Here are a few of the gems from wise old Solomon that Christians no longer believe.


“When the righteous are in authority, the people rejoice: but when the wicked beareth rule, the people mourn.” –Proverbs 29:2
“When the wicked rise, men hide themselves: but when they perish, the righteous increase.” –Proverbs 28:28

“A wise king scattereth the wicked, and bringeth the wheel over them.” –Proverbs 20:26


Because we have forsaken the Biblical authority and the Reformed theology of civil government, we have witnessed a once Christian, moral and powerful nation reduced to ashes.  The chains that are being forged upon us is the result of our abandonment of the God-ordained institution of government.

Every directive, example and principle in Scripture reveals civil government to be ordained by God. John Calvin wrote, “No man can doubt that civil authority is, in the sight of God, not only sacred and lawful, but the most sacred, and by far the most honourable, of all stations in mortal life.”1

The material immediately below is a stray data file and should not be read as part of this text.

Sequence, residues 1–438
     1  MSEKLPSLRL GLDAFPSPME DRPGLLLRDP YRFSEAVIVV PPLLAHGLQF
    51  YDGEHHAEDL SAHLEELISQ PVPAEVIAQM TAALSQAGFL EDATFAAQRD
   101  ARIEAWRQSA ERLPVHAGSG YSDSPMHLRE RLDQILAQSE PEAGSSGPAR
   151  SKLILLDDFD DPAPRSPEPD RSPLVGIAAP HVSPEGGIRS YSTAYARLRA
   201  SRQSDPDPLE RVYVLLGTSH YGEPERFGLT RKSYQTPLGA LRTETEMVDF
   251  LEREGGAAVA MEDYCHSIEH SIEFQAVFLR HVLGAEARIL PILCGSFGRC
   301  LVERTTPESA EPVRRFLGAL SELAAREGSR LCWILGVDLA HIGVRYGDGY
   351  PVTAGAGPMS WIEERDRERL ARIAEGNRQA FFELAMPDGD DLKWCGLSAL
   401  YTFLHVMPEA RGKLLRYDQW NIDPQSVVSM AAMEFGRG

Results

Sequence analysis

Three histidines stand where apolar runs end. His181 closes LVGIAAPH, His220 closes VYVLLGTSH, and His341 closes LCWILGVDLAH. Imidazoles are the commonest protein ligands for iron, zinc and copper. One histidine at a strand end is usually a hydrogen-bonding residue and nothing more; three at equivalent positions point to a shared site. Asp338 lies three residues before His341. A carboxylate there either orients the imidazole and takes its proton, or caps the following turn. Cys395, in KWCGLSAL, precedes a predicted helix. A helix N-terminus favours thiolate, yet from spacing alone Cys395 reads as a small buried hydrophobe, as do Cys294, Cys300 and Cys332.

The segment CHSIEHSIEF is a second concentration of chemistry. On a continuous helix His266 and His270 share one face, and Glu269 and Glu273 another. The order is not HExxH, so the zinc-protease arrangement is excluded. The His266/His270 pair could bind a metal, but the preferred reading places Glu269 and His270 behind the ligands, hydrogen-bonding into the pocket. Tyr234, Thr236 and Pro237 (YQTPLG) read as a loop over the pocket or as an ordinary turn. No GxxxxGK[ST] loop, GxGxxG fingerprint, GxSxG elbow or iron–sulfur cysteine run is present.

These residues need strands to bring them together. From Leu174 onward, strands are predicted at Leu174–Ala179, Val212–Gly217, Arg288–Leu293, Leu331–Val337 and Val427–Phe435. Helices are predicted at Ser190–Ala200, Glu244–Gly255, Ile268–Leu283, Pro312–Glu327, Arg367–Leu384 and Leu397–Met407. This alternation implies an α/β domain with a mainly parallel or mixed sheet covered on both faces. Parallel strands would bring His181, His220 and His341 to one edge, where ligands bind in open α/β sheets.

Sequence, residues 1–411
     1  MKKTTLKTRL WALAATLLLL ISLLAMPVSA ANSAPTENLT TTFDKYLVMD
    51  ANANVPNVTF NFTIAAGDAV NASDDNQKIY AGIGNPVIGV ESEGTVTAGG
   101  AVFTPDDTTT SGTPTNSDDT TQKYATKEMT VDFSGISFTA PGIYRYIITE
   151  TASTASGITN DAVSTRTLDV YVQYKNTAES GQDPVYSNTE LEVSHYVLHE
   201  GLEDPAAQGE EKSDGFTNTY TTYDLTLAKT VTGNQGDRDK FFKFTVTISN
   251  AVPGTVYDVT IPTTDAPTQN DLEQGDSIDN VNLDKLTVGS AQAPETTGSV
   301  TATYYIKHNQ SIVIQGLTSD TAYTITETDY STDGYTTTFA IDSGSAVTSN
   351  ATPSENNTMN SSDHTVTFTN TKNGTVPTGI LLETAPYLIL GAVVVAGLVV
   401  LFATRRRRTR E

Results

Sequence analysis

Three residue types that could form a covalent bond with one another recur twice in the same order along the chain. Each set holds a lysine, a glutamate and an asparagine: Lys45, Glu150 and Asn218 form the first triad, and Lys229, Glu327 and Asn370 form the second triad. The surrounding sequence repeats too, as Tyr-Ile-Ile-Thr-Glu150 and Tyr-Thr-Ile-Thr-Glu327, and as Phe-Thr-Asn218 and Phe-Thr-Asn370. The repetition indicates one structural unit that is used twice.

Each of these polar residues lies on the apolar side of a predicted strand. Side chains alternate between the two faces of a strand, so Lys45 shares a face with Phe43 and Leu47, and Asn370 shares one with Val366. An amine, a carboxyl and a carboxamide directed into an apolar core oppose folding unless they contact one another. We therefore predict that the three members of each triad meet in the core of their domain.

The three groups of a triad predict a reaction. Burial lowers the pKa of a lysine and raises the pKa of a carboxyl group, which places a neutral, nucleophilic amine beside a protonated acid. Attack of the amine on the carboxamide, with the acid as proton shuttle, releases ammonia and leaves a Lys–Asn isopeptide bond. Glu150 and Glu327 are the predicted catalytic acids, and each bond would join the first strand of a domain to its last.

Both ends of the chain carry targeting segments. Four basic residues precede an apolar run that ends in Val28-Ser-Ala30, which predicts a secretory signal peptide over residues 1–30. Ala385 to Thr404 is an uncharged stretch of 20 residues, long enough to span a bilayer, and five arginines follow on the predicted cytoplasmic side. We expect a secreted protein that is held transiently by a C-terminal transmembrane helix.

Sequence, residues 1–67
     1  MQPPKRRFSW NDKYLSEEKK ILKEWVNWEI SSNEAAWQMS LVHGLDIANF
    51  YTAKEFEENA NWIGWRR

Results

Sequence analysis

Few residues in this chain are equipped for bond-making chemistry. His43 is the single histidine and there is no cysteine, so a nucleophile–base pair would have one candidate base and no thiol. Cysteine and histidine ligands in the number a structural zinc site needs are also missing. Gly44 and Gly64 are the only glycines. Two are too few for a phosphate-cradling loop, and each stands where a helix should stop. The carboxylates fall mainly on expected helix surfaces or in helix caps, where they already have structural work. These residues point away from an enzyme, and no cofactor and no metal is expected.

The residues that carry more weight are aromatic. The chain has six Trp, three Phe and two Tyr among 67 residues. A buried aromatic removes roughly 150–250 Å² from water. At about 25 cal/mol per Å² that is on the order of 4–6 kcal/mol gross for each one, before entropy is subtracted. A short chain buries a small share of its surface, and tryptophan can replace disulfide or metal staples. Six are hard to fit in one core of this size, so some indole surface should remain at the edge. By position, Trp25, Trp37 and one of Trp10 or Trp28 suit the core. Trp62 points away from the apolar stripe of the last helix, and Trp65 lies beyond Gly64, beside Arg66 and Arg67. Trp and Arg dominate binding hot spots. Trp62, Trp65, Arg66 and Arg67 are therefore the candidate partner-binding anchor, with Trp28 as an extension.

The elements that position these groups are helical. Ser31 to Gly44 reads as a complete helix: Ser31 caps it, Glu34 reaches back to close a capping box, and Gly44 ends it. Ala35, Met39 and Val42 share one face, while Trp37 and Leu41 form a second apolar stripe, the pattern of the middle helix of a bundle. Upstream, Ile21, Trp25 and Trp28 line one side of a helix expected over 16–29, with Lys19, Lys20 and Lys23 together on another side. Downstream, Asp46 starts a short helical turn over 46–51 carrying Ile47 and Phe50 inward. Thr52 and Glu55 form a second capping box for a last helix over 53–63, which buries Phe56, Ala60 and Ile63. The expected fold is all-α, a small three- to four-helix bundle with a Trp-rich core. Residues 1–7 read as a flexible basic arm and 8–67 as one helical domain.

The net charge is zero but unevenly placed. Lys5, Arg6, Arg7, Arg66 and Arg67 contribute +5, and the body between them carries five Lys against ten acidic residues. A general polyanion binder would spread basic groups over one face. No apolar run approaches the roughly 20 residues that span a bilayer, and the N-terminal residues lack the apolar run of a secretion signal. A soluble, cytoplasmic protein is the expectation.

Calvin concludes this based upon Paul’s admonitions in his epistles, especially Romans 13, and the numerous Old Testament examples.  Sadly, in today’s Church there is a very low view of civil government and an abdicating attitude concerning our civil duties.  Yet, that does not stop the complaints regarding the wicked ruling over us.

The problem among Reformed Christians is that we ignore the third use of the law.  The three uses of the law is one of the foundational doctrines of the Reformation.  While we say we affirm the perpetuity of God’s law, we absolutely do not want to showcase the civil use.